A Consolidated Report on the Food Riots 19-23 January, 1998

“I would say we were not handled as if we were human beings when I was taken to the police station. I was just handled terribly… I was held like a criminal. Everything was harsh… I used to cry when I was in the cell. Cry for myself. In the evening.. All those I remember very well, I can say ¾ of the days I was in the remand holding cells I wasn’t sleeping. I didn’t have time to sleep. It was just terrible those days… That was my first time to be held, in such a way, in such a situation. So it made it tough, ’cause when I start to remember that I was in for nothing. I was in for no reason at all. It just makes me go wild, I just.. I just don’t feel like I’m a person with my rights. I was deprived of my rights. I was assaulted. I was hassled. I was assaulted badly at that time when I think of those days. I.. I just feel I wasn’t born. I just feel as if I wasn’t existing in this place.”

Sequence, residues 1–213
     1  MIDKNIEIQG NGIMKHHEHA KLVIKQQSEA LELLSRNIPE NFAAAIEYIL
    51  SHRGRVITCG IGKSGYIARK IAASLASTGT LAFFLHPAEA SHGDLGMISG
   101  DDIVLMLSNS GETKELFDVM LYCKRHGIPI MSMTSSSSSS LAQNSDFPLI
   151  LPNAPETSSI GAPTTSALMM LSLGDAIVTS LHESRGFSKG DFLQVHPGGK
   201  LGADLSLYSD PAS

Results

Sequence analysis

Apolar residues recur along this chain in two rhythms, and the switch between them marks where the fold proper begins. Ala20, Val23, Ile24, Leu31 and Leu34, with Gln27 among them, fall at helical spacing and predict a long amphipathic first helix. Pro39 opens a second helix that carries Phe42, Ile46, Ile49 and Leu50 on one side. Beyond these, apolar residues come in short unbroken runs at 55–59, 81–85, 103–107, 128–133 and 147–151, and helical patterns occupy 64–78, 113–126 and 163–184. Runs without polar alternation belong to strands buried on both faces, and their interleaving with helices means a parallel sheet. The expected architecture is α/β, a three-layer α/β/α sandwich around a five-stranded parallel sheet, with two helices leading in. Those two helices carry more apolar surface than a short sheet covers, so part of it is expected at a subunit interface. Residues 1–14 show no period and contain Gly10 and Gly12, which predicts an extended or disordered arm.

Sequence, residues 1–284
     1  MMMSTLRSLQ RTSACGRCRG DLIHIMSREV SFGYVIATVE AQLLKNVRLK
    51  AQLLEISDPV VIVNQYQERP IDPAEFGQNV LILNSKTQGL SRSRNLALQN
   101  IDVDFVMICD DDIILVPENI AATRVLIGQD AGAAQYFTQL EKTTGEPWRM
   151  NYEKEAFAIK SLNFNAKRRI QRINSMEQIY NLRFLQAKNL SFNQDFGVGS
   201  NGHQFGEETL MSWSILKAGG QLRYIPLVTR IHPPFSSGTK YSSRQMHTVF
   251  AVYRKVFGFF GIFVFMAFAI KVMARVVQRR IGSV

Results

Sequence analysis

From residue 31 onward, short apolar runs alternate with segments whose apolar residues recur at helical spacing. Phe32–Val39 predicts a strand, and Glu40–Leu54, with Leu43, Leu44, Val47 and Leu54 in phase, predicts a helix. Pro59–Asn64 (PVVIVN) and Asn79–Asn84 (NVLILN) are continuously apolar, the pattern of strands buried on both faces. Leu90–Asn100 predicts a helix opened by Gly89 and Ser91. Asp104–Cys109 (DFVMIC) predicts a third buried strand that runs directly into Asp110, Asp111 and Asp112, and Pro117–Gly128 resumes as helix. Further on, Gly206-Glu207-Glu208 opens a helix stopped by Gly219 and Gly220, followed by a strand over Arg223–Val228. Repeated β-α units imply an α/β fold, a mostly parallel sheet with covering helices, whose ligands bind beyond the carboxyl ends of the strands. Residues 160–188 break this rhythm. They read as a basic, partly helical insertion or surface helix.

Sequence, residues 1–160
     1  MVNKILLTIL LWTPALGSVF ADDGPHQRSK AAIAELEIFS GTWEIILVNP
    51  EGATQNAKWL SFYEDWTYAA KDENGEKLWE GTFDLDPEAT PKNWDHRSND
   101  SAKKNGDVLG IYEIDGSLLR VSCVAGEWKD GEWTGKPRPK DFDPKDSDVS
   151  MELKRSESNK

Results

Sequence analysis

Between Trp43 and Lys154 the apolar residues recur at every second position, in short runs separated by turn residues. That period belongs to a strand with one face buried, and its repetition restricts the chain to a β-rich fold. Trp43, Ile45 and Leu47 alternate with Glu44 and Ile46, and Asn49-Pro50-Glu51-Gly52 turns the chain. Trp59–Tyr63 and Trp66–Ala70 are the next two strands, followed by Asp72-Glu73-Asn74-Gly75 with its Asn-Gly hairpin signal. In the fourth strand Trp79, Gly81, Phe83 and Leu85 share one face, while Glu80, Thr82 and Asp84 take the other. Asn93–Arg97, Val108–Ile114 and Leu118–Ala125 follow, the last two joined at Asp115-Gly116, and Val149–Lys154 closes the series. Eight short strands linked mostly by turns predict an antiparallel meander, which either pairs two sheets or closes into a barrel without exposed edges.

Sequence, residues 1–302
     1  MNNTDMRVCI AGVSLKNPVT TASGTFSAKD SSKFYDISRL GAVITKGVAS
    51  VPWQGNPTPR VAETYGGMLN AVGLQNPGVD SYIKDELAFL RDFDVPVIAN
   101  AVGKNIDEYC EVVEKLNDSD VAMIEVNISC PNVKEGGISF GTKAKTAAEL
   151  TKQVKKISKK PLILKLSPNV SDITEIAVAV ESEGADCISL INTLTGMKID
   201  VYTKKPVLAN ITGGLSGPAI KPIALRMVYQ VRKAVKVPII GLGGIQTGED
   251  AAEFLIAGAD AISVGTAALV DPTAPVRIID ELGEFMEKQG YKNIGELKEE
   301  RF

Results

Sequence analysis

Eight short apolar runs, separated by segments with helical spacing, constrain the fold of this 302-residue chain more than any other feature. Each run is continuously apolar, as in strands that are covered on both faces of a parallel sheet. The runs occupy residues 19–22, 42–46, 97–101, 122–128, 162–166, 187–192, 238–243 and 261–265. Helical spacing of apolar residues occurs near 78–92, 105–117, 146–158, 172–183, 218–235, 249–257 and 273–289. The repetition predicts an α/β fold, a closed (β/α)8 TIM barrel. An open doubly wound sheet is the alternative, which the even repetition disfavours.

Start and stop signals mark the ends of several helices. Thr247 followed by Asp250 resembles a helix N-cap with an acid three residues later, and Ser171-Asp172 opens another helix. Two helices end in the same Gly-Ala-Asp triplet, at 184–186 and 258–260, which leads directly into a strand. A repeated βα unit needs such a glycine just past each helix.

- Survivor from Mabvuku

This report, compiled by the AMANI Trust on behalf of the Zimbabwe Human Rights NGO Forum, provides a background and analysis of the Food Riots by looking at newspaper and other reports as well as patterns of arrest, charges and convictions after the Food Riots. The report then presents a case study in Mabvuku and delves into the psychosocial consequences for the survivors of the Food Riots. The report ends with recommendations for moving forward.

Download PDF, 368 Kb

Design and development supported by HURIDOCS.